Tag Archives: 2 Chronicles 2

Family Business

Solomon gave orders to build a temple for the Name of the Lord and a royal palace for himself.
2 Chronicles 2:1 (NIV)

My great-grandfather owned a hardware in Rock Valley, Iowa. He had four children, but my great-grandfather concluded that the family business could only support two. He raised his two eldest children to learn the business. The two younger children were left to find their own way. My grandfather was one of the latter. He went on to college and became an educator. It was only in the final few years of his life that he shared about the conflict and relational mess caused by the “family business.”

Family business gets messy, whether we’re talking about an actual business run by a family or whether we’re talking about the day-to-day business of doing life together as a family.

Reading the first few chapters of 2 Chronicles, a casual reader is likely unaware of the messy family business behind the events. King David’s great passion had been to build a temple for God, but God made it clear that this was not what David was called to do. Solomon is tasked with fulfilling his father’s great wish and honoring is father’s legacy. The Chronicler gives us little indication of how Solomon felt about this, but I know a few children who have been tasked with carrying on a father’s legacy and the burden they feel when a family’s business is laid on one person’s shoulders. It’s not easy.

The other fact often missed by casual readers is the fact that Solomon was the last of David’s many children from several wives. Succession to the throne usually went to the eldest son, but David (who had been the youngest of his father’s sons) places his youngest son on the throne. Not only that, but Solomon’s mother was Bathsheba, the woman with whom David had a scandalous affair and later married. There would have been plenty of members of the royal household who would have been angry, resentful, and feeling left out. Young Solomon had plenty of family members wanting him to fail.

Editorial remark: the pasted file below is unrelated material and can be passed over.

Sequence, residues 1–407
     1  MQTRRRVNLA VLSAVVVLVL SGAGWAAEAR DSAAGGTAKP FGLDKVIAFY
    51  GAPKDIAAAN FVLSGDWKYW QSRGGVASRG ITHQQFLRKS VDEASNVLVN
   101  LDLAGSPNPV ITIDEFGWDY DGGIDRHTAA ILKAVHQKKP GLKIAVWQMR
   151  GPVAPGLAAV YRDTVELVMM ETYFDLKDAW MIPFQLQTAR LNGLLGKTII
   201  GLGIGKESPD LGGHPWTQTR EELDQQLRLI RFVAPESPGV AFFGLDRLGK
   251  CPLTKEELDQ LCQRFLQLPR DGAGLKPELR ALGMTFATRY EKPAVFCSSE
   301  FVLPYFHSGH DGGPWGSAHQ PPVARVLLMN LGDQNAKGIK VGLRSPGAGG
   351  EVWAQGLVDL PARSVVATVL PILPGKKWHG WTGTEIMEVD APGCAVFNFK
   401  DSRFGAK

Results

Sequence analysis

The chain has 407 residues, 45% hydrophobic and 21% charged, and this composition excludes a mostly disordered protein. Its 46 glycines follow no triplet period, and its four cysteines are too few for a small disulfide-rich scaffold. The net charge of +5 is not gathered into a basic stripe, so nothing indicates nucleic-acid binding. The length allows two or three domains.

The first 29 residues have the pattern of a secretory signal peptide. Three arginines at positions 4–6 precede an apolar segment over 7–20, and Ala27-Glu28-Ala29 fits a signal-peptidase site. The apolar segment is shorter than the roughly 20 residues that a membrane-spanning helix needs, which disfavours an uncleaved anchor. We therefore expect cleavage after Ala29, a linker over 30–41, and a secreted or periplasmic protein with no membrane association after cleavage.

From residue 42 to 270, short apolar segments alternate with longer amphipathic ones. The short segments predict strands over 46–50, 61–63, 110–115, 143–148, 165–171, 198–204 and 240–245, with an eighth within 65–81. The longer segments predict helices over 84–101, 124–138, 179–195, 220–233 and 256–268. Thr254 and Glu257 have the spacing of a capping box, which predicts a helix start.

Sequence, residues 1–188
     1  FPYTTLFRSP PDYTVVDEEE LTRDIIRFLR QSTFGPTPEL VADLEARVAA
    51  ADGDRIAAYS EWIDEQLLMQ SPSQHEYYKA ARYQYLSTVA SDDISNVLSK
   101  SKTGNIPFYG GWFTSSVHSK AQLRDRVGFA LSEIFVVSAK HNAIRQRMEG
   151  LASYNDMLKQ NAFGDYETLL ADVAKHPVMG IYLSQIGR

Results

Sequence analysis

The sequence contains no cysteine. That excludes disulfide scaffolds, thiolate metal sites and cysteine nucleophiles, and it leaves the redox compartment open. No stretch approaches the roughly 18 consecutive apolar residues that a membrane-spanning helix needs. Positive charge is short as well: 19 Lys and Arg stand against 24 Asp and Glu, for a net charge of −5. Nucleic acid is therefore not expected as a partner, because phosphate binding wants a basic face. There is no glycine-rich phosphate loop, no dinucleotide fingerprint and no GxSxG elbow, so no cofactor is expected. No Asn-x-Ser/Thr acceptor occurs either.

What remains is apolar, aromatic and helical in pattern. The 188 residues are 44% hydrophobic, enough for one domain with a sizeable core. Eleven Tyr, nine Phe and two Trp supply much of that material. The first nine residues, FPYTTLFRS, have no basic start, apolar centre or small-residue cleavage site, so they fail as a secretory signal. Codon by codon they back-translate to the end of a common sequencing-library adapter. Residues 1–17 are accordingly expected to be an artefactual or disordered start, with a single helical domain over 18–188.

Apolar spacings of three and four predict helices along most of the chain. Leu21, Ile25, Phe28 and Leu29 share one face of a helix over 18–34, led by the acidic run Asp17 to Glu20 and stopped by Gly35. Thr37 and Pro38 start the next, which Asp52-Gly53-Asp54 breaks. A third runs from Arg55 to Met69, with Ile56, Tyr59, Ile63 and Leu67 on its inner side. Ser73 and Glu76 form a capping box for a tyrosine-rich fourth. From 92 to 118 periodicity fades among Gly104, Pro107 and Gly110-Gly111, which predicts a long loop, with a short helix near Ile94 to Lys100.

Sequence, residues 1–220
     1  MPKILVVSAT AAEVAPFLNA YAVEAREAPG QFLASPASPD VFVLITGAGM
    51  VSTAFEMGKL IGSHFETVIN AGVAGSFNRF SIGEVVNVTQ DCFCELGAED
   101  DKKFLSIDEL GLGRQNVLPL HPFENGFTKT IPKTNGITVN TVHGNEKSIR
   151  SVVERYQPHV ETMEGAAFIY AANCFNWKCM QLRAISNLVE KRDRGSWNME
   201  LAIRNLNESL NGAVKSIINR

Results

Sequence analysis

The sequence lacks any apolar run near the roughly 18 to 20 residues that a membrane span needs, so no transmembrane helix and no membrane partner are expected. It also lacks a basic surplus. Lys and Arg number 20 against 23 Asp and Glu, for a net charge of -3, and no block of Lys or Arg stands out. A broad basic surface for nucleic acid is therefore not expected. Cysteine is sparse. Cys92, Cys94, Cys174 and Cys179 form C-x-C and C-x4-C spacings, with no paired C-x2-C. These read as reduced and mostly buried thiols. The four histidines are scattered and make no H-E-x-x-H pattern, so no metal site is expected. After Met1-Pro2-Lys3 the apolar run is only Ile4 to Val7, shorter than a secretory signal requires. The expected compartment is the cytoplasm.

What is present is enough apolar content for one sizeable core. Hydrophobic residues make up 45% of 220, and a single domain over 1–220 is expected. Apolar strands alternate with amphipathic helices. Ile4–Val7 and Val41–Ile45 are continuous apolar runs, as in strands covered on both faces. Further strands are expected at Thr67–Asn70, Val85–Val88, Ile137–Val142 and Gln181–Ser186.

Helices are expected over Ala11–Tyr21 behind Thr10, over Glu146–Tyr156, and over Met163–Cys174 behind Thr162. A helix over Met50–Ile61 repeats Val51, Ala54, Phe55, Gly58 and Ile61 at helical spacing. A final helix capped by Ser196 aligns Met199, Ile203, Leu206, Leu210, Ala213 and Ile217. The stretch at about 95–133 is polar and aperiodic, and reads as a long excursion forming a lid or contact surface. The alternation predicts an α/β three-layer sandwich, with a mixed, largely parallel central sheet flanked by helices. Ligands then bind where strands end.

This morning in the quiet I’m thinking about family business. I’m kind of grateful that my own family, starting with my grandfather, moved away from the “family business” model as a path of vocation for subsequent generations. Family members have been free to pursue their own paths and passions. I’ve not felt the burden that Solomon felt of carrying out a parent or grandparent’s legacy. Some days it’s good to recognize the burdens that other people carry that I can be grateful not to have to worry about.

I’m also thinking about our daughters and the respective paths they’ve each followed. It’s been both surprising and fulfilling to watch them blossom and launch in different directions and to seek after God’s plans and purposes. I can’t wait to see where their paths take them.

As with all great stories, sometimes there’s really good, important stuff lying underneath the text I read. In the same way, the images I have of other people may not tell the whole story of what’s going on beneath the surface. The further I get in my journey the less content I’ve become with surface stories. I want to get beneath the text, I want to get under the projected image and grapple with what’s really going on. That’s where real relationship happens and where real transformation begins.

featured photo courtesy of Chris Beckett via Flickr

Chapter-a-Day 2 Chronicles 2

Solomon then took a census of all the foreigners living in Israel, using the same census-taking method employed by his father. They numbered 153,600. He assigned 70,000 of them as common laborers, 80,000 to work the quarries in the mountains, and 3,600 as foremen to manage the work crews. 2 Chronicles 2:17-18 (MSG)

In today’s chapter we see King Solomon employing the same census methods for taking count of the “foreigners” living in Israel. Did Solomon not know that his father repented of his actions in taking the census; “trusting statistics instead of God?” Did Solomon realize that there was a heavy cost placed on David and the country for his actions in taking the census? Did Solomon think that he was okay in taking the census because he was doing it for the work of God’s temple, or that it was okay because he wasn’t counting his fellow Israelites? I’m intrigued to think about Solomons reasoning. Was he ignorant, arrogant, or a combination of both?

For all of Solomon’s lauded wisdom, we see in today’s chapter the foreshadowing of a tragic flaw. Solomon did not learn from his father’s mistakes. He will take a census and then he will put all of the non-Israelites to slave labor for the temple and his own palace. This is the first in a chain of events what will ultimately divide the nation and lead to civil war.

Those who don’t learn from history (even family history) are doomed to repeat it.